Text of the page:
The Maryland Board of Public Works last week approved three contracts totaling $2.3 million for what the state comptroller called “the fabled, long-awaited“ Bethesda Metro station south entrance project.
The total projected cost is $80.5 million, according to Montgomery County documents.
Comptroller Peter V.R. Franchot (D) expressed skepticism about the funding, said a spokesman, Andrew Friedson. The proposed south entrance to the Bethesda Metro station has been under discussion for years, Franchot said, as far back as when he chaired a transportation subcommittee in the House of Delegates.
“I would like to know exactly what it is that [the Maryland Transit Administration] is doing on this project, how it differs from the work that [the Washington Metropolitan Area Transit Authority] and Montgomery County have done in the past, how any of this gets us closer to actually having a south entrance to the Bethesda Metro Station,” said Franchot, according to a statement released by his office.
The board’s other members are Gov. Martin O’Malley (D) and Treasurer Nancy K. Kopp.
The $2.3 million was part of $21 million that was approved at the July 3 meeting for seven other Maryland Transit Administration projects.
Franchot asked how much had already been spent on the seven contracts and requested a written overview on what taxpayers have actually received for the money, Friedson said.
The Bethesda Metro station was originally proposed to have a southern entrance with a bank of high-speed elevators that could transport passengers to street level, similar to the ones at Friendship Heights. The entrance would also connect the planned Purple Line, when it is built, to the Red Line.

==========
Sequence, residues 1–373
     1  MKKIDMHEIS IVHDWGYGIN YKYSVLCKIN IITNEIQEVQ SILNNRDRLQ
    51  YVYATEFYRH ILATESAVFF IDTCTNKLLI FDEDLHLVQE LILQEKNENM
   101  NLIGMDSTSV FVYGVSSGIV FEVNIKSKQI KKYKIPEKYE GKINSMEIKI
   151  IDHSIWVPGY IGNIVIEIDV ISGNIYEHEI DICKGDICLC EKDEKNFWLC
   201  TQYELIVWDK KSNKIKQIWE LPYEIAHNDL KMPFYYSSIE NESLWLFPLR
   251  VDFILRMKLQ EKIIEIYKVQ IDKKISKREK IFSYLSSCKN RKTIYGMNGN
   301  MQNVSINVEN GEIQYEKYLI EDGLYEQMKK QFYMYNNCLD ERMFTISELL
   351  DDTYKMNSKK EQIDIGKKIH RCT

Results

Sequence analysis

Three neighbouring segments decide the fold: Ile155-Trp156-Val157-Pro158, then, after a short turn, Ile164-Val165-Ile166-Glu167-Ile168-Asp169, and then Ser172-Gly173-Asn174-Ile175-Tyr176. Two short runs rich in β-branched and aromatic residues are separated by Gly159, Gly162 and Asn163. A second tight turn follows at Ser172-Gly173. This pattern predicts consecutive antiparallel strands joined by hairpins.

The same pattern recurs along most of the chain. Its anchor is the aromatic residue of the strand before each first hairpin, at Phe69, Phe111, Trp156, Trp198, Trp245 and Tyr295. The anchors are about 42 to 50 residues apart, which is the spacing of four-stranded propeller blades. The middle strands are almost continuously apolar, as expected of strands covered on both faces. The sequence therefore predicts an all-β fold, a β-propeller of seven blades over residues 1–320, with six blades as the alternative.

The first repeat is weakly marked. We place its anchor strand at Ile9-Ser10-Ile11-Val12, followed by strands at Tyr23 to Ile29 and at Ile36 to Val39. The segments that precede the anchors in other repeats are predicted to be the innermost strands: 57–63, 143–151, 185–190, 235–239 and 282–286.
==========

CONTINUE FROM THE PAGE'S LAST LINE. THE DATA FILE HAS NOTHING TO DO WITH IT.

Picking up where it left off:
The construction date for the project has not been announced because it is directly linked to the Purple Line construction at the Bethesda station. Construction is expected to take 30 months, according to county documents.
Rummel, Klepper & Kahl will get an additional $1 million, Whitman, Requardt & Associates will get an additional $1 million and Parsons Brinckerhoff will get an additional $300,000 from the recent contract approvals. All three companies will be working on projects related to the Bethesda Metro south entrance.
Parsons Brinckerhoff, of New York, is a global consulting company that works in both the public and private sectors. It was responsible for engineering the troubled $120 million Silver Spring Transit Center and has since been selected to design the remedial work at the center.
Representatives from Parsons Brinckerhoff referred requests for comment to their client, the Maryland Transit Administration.
That agency is aware of Franchot's concerns, said spokesman Terry Owens, who wrote in an email to The Gazette that all the agency’s “projects are carefully managed to ensure they are completed on time and on budget where possible."
Staff Writer Kara Rose contributed to this report.